The J. Paul Getty Museum

Das Lichtrequisit

Object Details


Das Lichtrequisit


László Moholy-Nagy (American, born Hungary, 1895 - 1946)




Berlin, Germany (Place Created)




Gelatin silver print

Object Number:



24 × 18.1 cm (9 7/16 × 7 1/8 in.)


© 2014 Estate of László Moholy-Nagy / Artists Rights Society (ARS), New York

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Object Description

The Light-Space Modulator is the most spectacular and complete realization of László Moholy-Nagy’s artistic philosophy. Machine parts and mechanical structures began to appear in his paintings after his emigration from Hungary, and they are also seen in the illustrations he selected for the 1922 Buch neuer Künstler (Book of new artists), which includes pictures of motorcars and bridges as well as painting and sculpture. Many contemporary artists incorporated references to machines and technology in their work, and some, like the Russian Constructivist Vladimir Tatlin, even designed plans for fantastic structures, such as the ambitious Monument to the Third International, a proposed architectural spiral of glass and steel with moving tiers and audiovisual broadcasts. (See Tatlin's Tower.)

In the Light-Space Modulator, Moholy-Nagy was able to create an actual working mechanism. Although he censured capitalism’s inhumane use of technology, he believed it could be harnessed to benefit mankind and that the artist had an important role in accomplishing this. Moholy had made preliminary sketches for kinetic sculptures as early as 1922 and referred to the idea for a light machine in his writings, but it was not until production was financed by an electric company in Berlin in 1930 that this device was built, with the assistance of an engineer and a metalsmith. It was featured at the Werkbund exhibition in Paris the same year, along with the short film Light Display Black-White-Gray, made by Moholy-Nagy to demonstrate and celebrate his new machine.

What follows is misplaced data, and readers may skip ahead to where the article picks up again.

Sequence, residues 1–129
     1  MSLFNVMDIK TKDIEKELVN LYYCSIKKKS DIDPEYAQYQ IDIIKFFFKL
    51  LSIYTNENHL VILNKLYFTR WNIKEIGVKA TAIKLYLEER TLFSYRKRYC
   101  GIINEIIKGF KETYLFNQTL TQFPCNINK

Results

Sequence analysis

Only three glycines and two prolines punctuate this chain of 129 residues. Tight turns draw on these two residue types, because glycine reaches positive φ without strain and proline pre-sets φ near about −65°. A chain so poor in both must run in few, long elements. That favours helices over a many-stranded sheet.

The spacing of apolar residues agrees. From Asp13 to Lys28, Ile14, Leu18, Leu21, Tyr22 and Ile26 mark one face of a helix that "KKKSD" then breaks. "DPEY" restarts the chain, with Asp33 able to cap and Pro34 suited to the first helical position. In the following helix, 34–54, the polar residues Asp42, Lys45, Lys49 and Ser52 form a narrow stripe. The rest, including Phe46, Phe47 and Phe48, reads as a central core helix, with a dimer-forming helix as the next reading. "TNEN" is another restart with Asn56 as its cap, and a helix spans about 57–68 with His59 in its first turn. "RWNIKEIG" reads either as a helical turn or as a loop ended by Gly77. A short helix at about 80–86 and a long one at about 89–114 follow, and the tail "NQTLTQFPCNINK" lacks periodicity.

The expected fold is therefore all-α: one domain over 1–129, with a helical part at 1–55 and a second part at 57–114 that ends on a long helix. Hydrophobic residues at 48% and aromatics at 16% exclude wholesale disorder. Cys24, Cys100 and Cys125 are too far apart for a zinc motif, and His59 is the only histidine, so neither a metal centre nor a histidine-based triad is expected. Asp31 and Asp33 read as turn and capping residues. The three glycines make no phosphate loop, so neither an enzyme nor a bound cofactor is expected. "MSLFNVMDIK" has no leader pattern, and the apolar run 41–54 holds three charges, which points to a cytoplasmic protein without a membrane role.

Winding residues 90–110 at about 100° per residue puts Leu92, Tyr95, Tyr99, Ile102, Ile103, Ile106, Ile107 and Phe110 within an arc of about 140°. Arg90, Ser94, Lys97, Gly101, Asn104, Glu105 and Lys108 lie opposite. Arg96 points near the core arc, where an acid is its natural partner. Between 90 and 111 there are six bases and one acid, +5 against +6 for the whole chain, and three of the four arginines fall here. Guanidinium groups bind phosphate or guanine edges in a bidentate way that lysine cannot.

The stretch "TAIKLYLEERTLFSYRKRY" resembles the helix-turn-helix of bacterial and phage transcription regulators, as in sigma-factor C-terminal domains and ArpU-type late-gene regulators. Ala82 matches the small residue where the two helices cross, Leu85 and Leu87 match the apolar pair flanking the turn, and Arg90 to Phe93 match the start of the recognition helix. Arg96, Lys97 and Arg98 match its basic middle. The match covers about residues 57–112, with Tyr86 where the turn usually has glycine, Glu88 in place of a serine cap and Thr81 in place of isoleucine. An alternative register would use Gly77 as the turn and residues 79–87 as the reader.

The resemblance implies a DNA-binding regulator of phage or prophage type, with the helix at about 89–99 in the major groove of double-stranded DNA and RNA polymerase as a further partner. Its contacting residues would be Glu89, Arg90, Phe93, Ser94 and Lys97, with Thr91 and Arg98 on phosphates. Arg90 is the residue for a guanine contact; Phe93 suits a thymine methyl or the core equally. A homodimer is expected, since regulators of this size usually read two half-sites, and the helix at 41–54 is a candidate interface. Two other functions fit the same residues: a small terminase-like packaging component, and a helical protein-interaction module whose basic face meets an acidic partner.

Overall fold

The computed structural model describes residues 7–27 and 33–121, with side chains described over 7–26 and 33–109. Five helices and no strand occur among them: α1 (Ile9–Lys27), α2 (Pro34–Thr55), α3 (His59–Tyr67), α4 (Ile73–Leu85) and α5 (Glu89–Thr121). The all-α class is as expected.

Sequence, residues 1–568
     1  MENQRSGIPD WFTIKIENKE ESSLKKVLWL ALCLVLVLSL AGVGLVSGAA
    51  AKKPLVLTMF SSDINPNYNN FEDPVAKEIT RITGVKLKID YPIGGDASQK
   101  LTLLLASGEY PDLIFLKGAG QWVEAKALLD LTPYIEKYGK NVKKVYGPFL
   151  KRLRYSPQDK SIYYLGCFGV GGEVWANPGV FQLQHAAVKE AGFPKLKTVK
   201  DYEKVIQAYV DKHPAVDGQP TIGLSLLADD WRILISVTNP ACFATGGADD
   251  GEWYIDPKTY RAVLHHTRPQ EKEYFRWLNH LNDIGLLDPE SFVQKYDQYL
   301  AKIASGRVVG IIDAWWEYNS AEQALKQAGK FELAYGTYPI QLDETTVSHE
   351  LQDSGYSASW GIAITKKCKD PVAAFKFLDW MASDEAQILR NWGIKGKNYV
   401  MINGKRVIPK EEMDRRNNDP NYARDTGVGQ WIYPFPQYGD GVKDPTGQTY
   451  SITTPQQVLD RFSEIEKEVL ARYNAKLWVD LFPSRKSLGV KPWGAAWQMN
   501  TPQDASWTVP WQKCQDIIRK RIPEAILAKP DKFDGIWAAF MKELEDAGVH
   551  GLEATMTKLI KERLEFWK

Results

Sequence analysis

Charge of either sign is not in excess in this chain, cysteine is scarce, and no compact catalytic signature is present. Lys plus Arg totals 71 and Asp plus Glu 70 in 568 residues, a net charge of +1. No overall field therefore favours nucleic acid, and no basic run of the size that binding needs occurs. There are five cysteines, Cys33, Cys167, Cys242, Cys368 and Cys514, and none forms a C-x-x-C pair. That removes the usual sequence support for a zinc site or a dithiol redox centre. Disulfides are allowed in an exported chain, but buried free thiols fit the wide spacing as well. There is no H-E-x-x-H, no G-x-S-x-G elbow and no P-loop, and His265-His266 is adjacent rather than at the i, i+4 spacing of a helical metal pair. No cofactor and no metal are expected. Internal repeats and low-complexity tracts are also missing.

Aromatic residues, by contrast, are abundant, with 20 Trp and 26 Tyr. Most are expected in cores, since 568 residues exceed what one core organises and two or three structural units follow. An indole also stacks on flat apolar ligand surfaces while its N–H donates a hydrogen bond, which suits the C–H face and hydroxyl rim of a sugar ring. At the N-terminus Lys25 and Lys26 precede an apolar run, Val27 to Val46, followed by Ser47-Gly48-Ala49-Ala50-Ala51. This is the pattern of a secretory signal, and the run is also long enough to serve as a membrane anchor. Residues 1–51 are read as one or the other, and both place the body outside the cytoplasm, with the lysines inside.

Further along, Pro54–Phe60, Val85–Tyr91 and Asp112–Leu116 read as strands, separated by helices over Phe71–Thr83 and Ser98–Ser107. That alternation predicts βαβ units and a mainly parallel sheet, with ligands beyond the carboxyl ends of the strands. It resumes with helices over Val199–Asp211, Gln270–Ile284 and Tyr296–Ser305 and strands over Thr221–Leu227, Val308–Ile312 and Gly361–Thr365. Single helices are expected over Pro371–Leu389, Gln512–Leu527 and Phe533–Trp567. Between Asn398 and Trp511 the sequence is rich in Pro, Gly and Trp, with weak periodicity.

The Light-Space Modulator is a Moholy-Nagy painting come to life: mobile perforated disks, a rotating glass spiral, and a sliding ball create the effect of photograms in motion. With its gleaming glass and metal surfaces, this piece (now in the collection of the Busch-Reisinger Museum at Harvard University) is not only a machine for creating light displays but also a sculptural object of beauty, photographed admiringly by its creator. (See also: 84.XP.912.3 and 84.XM.231.1)

Katherine Ware, László Moholy-Nagy, In Focus: Photographs from the J. Paul Getty Museum (Los Angeles: J. Paul Getty Museum, 1995), 80 © 1995 The J. Paul Getty Museum.

1984 -
Experimental Photography: The Machine Age (September 26 to December 10, 1989)
  • The J. Paul Getty Museum (Malibu), September 26 to December 10, 1989
Vision in Motion: The Photographs of László Moholy-Nagy (June 27 to October 8, 1995)
  • The J. Paul Getty Museum (Malibu), June 27 to October 8, 1995
Moholy-Nagy: Future Present (May 27, 2016 to June 18, 2017)
  • Solomon R. Guggenheim Museum (New York), May 27 to September 7, 2016
  • The Art Institute of Chicago, October 2, 2016 to January 3, 2017
  • Los Angeles County Museum of Art (Los Angeles), February 12 to June 18, 2017

Ware, Katherine.In Focus: Laszlo Moholy-Nagy. Photographs from the J. Paul Getty Museum (Los Angeles: The J. Paul Getty Museum, 1995), p. 80-81, plate 42, ill.